Is there a standard method to hit a hybrid that every players should know? That question haunted me for some time until I realized that hitting hybrids is easier than I thought. Many poor hybrid shots are rooted in poor setup positions such as ball position and shoulder position. Unlike woods, the ball position prior to starting is more important than with most other clubs. Each player will be slightly different with their set up, but in my case I was playing the ball to far forward. To determine if your ball is in the proper position for your swing, the ball flight is the greatest tell. Knowing what to look for is critical to ensuring solid contact and consistent results with our hybrids.
Currently, I use a 3 and 4 hybrid from Mizuno. These magical clubs have extricated my ball from some very difficult lies. I have learned, through practice, that ball position makes or breaks my success after contact. Before I start talking about making set up adjustments, I think it is important to start with what I consider to be my neutral hitting position.
In my case, I play both hybrids from the same position. I have found that by doing this I produce the same positive results with different ball flights. My intent is to produce a stinger type flight that is lower that an iron that bores through the air. I place the ball approximately one inch forward in may stance from center. Much like the second stance in the video below. This allows me to hit down on the ball and trap it at contact. The results of this swing path produces about 200 to 210 yards with my 3H and 190 to 200 yards with my 4H; both with similar ball flights.
To make minor adjustments the ball flight with my hybrids, I move the ball in inch forward or backwards depending on the requirement. This is where my pre-shot routine takes over and accounts for lie, wind, playing conditions, etc. By moving the ball backwards in my stance, I produce a lower ball flight and the opposite by moving it forward. The multitude of variables for each shot are extensive, so I do not have one rule regarding which ball flight is required for each shot. Regardless, the versatility of my hybrids is such that they are an intrical part of my game an will stay in my bag forever.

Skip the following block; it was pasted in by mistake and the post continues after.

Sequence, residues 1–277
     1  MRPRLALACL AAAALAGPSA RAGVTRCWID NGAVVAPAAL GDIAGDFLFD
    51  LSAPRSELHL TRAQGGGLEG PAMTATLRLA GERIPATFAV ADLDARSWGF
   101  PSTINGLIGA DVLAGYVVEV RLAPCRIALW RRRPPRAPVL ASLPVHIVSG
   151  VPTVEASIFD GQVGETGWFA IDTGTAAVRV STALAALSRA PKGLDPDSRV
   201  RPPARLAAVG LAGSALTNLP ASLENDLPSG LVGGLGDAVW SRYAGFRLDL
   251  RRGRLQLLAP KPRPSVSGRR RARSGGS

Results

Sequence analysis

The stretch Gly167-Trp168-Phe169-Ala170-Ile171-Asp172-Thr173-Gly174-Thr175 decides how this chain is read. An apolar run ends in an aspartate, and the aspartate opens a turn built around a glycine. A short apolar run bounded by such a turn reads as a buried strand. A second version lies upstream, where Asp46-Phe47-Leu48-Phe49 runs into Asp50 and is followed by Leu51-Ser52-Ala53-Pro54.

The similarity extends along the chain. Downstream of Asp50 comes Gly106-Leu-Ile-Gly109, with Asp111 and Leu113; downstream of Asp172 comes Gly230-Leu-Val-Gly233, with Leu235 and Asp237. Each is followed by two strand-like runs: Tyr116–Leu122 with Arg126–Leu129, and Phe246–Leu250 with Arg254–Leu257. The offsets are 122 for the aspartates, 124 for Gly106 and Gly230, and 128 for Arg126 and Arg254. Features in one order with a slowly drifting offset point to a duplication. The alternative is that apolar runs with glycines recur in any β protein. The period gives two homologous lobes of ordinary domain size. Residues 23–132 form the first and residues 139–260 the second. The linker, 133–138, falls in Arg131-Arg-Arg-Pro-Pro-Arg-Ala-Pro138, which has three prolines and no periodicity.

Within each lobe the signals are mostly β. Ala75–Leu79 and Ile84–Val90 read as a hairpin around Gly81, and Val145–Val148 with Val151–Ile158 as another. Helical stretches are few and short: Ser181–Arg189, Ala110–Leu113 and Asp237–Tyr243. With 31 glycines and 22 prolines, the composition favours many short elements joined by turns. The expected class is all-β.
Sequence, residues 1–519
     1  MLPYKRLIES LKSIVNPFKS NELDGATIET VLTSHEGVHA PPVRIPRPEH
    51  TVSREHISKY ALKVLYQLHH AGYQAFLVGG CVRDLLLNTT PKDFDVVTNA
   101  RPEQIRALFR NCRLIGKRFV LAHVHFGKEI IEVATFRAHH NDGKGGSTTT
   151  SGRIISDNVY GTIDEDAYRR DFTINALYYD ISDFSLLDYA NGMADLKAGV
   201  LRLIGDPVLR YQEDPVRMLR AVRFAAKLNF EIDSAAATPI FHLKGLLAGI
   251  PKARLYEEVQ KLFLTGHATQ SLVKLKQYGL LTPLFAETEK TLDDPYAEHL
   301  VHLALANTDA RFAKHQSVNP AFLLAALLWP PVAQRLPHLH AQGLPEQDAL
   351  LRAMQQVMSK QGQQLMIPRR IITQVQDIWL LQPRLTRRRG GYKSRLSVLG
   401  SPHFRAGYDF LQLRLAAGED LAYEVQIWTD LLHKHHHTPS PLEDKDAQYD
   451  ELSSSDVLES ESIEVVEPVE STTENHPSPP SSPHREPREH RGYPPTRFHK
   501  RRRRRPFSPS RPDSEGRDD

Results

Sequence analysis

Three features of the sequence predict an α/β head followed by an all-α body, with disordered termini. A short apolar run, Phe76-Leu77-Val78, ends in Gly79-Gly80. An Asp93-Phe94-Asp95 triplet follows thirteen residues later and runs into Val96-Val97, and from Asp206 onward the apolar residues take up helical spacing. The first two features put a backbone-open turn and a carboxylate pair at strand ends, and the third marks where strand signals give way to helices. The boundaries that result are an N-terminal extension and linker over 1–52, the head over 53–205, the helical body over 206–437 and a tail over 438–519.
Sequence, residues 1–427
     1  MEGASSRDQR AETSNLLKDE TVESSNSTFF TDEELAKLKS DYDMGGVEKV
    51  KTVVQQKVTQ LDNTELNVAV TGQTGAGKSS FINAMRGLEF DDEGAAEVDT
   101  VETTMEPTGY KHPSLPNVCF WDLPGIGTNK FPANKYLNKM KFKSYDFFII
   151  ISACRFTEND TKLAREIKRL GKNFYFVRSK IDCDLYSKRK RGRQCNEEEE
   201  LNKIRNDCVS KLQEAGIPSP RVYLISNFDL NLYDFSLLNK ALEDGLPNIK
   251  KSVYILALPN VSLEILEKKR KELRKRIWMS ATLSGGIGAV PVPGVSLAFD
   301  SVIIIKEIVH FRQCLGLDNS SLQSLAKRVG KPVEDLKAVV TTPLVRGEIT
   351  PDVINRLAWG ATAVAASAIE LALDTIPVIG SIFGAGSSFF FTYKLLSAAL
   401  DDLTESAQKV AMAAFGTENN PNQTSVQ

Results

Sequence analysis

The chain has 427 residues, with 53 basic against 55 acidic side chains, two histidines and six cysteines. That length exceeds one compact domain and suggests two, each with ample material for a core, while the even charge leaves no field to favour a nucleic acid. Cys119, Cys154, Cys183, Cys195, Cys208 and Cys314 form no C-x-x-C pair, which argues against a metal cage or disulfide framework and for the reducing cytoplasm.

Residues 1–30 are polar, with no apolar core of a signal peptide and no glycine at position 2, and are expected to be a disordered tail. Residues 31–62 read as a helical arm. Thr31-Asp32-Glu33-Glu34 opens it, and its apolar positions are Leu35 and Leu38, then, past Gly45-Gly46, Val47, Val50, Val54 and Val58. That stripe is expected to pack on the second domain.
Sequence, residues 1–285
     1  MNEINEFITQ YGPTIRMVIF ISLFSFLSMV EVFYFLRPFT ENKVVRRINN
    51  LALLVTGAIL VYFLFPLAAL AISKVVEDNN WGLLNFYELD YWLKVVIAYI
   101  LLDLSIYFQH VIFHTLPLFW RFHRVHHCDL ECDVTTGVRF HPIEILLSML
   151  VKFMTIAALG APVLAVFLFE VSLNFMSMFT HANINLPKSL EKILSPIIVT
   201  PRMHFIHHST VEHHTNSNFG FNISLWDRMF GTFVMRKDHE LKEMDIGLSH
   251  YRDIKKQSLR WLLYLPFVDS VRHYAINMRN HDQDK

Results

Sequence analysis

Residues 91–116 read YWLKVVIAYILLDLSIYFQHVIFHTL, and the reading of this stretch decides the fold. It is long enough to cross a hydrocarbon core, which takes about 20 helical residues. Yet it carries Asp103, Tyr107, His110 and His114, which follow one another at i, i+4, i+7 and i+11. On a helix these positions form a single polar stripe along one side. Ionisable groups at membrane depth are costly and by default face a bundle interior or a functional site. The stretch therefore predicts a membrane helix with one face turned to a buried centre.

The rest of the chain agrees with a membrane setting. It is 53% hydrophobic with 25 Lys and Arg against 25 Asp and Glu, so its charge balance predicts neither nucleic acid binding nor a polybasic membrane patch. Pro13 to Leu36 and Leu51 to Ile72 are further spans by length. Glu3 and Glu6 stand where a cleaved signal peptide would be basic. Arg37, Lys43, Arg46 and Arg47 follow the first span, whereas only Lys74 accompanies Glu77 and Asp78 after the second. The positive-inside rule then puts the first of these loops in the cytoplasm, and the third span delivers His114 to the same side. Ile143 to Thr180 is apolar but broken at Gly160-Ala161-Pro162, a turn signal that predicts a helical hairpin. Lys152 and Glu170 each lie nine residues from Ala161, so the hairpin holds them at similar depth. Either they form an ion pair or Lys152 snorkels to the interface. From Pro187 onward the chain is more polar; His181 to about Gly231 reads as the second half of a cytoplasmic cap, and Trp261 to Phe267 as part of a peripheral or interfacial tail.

As I watched the video below from Rick Shiels, I really like his approach that that there is no one way to hit a hybrid. It depends on the players and they swing style. I think this type of approach to our golf swing can be expanded to all our clubs. Although I will state that there is a preferred method to hitting different clubs that does produce a foundation of success for all players. But, that 20% of uniqueness is what makes your golf swing yours.
Hybrids have changed golf for the better. At the amateur level, I have seen very few bags without a hybrid. They help amateurs, like myself, hit longer, straighter and more consistent golf shots. I figured that they were here to stay, so I took the time to figure out how to best hit them to produce the results I wanted. I am not disappointed I put the time in and I recommend you do the same.
I am a grateful golfer! See you on the links!
3 thoughts on “Hitting Hybrids Properly”
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I was late to the party too. I liked hitting my long irons and didn’t take to the hybrids when I first tried them. But today I have 3 in the bag. 4,5, & 6 and wouldn’t have it any other way. The only downside I see to them is controlling the flight is a little harder. Specifically, getting a lower trajectory is harder. And because they fly higher in general, the wind effects them a little more so there’s a small learning curve as well that we have to go through making the change. But I find it more than worth it. I’m successful quite a bit more often from outside 150 today than I ever was thanks to those hybrids.
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You explained a point I overlook or brushed over in the article. The success of hitting hybrids is greater with long irons and that is why I switched years ago. It is helps my game and therefore they are worth using.